When the author herself was asked about the overabundance of sex during a Barnes and Noble interview, Hamilton’s best defense was that “I only get complaints from men. I had two reviewers tell me that they’re disturbed that a woman is writing this sort of stuff. ”

Ahem…

Dear Madam. Hamilton: I get disturbed with John Ringo writing about a man and two coeds on a boat with bondage gear. For the love of all that’s Holy, what makes you think that a bi-sexual sextet with were-furries would go over any better, no matter who or what you were?  So, you’re going to defend yourself against criticism with some kind of strange faux-feminism based off of two reviewers?  How about “I want more plot than sex scene,” are you going to blame that on me being male? Really? Really?

Again, I’ll go back to John Ringo, only a different series — The Council Wars.  One short story is seriously NC-17, and reading through it, I would be hard-pressed to see how it could be written otherwise. With Hamilton’s novels, I could skip over a hundred pages and not miss a single plot point. That’s screwed up.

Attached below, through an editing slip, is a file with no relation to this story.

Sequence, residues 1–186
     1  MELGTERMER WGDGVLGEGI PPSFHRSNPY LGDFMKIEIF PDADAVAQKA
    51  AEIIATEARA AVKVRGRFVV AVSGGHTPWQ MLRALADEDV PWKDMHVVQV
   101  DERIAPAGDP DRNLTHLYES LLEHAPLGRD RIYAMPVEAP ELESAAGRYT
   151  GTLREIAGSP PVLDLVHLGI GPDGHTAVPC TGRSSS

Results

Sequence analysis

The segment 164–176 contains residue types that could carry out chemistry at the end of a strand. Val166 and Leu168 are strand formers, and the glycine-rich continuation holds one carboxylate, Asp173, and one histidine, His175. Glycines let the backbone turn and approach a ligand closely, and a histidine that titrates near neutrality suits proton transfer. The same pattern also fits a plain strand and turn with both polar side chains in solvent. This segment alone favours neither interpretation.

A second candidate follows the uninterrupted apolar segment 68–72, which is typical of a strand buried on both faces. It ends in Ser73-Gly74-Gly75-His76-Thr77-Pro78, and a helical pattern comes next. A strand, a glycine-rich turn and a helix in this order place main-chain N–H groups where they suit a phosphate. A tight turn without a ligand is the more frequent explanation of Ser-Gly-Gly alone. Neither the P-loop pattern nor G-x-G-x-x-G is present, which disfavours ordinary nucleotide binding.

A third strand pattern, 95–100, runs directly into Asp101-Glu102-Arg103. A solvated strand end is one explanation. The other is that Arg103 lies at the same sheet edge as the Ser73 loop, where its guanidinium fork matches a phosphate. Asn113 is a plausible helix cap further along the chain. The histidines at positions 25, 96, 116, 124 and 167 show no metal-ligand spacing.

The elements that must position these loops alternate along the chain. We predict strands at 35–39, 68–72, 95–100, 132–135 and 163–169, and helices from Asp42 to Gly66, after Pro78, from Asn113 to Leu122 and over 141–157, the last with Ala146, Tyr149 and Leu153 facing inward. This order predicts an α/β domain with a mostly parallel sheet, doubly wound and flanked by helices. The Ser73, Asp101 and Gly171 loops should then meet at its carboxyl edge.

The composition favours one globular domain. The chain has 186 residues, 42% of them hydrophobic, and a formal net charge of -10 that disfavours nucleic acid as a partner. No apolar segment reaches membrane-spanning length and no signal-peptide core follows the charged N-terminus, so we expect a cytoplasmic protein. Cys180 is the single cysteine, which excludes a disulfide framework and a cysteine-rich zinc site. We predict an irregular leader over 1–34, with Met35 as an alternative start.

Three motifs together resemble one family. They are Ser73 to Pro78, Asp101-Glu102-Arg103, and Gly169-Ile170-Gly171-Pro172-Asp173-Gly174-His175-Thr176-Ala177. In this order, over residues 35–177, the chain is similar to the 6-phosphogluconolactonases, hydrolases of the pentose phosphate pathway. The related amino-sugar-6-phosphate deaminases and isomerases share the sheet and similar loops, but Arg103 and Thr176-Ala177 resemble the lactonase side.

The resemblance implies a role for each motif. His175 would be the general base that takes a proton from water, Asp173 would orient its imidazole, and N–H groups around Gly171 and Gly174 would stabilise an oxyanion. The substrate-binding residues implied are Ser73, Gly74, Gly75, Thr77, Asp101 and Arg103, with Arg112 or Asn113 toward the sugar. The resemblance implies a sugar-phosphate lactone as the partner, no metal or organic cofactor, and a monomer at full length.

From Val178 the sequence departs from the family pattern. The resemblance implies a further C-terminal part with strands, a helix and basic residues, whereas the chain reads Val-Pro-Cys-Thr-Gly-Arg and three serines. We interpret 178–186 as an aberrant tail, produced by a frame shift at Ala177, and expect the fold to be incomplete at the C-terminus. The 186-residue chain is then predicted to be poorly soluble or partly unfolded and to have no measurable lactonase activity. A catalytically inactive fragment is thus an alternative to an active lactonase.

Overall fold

As I said, in my book series, there are no sex scenes. Book one and three have some interesting and creative make out sessions, but that’s about it. Can I write a sex scene? Sure, they’re easy. I’ve gotten requests from lady friends of mine for erotica (please God, do not ask. It’s a long story).

But are they necessary? Not really. Did I need intimate details to add to the plot, the character, or anything related to the story? No.

Frankly, I think a PG-13 novel sometimes requires more skill than an NC-17 rated. I find that sex sequences are a cheat, sort of like premium cable—just because you can use four letter words doesn’t mean you have to write them into every single line.

I have actually made my lack of OSS’s in my novels work for me. For example, the hero of one of my books has had a long term girlfriend … they’ve never had intercourse because every time they do, someone tries to kill them. And there are other creative ways around a problem.